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The immune suppressive microenvironment affects efficacy of radio‐immunotherapy in brain metastasis

Authors: Niesel, Katja; Schulz, Michael; Anthes, Julian; Alekseeva, Tijna; Macas, Jadranka; Salamero‐Boix, Anna; Möckl, Aylin; Oberwahrenbrock, Timm; Lolies, Marco; Stein, Stefan; Plate, Karl H; Reiss, Yvonne; Rödel, Franz; Sevenich, Lisa

Online: https://onlinelibrary.wiley.com/doi/10.15252/emmm.202013412

Issue: EMBO Mol Med . 2021 May 7;13(5):e13412.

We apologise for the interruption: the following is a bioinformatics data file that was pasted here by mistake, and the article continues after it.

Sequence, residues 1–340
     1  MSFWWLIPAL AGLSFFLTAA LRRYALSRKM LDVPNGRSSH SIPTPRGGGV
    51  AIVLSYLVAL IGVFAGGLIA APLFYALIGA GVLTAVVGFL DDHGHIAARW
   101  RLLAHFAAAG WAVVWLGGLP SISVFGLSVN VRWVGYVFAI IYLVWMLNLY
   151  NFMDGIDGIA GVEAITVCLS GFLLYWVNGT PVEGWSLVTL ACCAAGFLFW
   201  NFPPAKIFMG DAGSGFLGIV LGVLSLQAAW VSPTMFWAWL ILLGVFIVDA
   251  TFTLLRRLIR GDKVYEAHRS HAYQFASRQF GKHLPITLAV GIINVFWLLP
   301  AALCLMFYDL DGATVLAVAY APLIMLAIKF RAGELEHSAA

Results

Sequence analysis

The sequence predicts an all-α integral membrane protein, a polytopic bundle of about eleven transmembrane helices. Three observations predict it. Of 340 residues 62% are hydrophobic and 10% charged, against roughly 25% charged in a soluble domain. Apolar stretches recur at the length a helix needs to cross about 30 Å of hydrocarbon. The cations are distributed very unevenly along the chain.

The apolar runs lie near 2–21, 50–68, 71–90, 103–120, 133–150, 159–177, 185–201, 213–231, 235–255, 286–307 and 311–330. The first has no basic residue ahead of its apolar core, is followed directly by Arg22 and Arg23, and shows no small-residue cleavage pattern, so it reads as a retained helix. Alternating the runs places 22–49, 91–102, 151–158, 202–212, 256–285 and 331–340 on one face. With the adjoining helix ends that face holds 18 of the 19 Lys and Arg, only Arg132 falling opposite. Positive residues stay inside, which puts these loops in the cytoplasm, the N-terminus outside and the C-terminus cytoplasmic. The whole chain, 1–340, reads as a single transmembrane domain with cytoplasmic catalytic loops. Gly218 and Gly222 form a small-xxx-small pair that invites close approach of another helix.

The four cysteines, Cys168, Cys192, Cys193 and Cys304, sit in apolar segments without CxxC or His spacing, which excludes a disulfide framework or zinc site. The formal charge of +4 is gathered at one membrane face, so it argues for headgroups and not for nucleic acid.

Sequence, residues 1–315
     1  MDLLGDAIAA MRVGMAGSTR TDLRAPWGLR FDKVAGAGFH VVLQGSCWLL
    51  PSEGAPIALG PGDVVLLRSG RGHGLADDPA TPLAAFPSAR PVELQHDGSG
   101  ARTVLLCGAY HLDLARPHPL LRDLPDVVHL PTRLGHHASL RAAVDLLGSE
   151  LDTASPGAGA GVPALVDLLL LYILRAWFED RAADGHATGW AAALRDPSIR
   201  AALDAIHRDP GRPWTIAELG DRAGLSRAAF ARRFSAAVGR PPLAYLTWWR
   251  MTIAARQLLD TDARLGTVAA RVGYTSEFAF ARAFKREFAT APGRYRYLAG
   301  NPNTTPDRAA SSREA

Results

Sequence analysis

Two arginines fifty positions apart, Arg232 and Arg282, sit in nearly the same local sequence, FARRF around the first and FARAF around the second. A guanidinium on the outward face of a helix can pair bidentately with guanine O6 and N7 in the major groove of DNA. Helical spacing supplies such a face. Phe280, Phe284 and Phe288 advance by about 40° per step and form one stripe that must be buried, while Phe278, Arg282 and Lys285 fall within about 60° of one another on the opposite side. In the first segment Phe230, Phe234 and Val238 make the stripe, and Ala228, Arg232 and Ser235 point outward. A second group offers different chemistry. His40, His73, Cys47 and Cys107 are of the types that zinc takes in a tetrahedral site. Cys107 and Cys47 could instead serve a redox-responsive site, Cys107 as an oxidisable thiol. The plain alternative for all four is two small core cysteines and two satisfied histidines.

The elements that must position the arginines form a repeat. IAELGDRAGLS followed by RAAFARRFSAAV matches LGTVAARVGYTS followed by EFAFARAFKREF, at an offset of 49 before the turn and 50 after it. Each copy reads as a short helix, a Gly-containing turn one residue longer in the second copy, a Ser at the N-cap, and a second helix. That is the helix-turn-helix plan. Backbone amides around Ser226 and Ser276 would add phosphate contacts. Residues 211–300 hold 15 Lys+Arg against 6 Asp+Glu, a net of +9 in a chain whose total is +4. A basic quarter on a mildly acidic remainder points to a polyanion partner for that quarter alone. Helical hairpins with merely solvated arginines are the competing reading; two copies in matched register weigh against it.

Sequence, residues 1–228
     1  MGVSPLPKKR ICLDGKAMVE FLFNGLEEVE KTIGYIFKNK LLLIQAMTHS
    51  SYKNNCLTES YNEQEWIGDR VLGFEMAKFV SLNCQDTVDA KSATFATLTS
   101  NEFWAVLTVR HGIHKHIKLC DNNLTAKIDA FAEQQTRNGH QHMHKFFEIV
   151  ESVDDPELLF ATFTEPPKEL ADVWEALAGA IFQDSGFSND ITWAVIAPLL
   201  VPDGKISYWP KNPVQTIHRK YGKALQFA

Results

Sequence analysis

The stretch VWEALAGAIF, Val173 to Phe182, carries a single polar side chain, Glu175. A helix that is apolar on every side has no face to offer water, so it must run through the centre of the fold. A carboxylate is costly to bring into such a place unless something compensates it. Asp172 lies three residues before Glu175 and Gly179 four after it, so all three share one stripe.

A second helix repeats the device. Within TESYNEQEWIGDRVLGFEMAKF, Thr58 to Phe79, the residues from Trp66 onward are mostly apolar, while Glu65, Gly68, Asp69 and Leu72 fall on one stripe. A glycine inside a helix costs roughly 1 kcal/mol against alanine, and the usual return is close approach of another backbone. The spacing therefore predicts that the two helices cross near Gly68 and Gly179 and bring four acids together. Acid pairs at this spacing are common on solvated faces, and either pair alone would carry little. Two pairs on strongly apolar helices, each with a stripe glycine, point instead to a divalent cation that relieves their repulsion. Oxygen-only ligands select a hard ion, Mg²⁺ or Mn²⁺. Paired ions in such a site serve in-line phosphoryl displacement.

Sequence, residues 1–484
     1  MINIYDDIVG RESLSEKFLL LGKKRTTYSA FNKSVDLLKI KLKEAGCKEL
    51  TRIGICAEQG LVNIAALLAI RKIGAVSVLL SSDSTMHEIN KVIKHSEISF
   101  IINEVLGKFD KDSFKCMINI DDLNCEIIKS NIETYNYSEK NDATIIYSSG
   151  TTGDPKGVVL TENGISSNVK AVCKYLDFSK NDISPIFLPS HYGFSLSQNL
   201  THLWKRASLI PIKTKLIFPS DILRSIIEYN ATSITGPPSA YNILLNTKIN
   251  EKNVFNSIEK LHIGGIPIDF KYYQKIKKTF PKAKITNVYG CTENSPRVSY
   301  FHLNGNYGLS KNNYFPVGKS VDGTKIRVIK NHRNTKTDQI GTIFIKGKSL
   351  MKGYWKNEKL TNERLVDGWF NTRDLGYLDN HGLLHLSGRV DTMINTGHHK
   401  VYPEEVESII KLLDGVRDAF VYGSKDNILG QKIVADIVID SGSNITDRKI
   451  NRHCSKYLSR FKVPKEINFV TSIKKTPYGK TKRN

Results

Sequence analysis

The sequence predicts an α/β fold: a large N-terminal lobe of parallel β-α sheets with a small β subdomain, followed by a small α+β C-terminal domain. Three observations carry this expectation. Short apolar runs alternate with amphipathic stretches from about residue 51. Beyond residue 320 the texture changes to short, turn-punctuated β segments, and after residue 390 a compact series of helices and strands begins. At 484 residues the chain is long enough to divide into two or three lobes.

The tumor microenvironment in brain metastases is characterized by high myeloid cell content associated with immune suppressive and cancer-permissive functions. Moreover, brain metastases induce the recruitment of lymphocytes. Despite their presence, T-cell-directed therapies fail to elicit effective anti-tumor immune responses. Here, we seek to evaluate the applicability of radio-immunotherapy to modulate tumor immunity and overcome inhibitory effects that diminish anti-cancer activity. Radiotherapy-induced immune modulation resulted in an increase in cytotoxic T-cell numbers and prevented the induction of lymphocyte-mediated immune suppression. Radio-immunotherapy led to significantly improved tumor control with prolonged median survival in experimental breast-to-brain metastasis. However, long-term efficacy was not observed. Recurrent brain metastases showed accumulation of blood-borne PD-L1+ myeloid cells after radio-immunotherapy indicating the establishment of an immune suppressive environment to counteract re-activated T-cell responses. This finding was further supported by transcriptional analyses indicating a crucial role for monocyte-derived macrophages in mediating immune suppression and regulating T-cell function. Therefore, selective targeting of immune suppressive functions of myeloid cells is expected to be critical for improved therapeutic efficacy of radio-immunotherapy in brain metastases.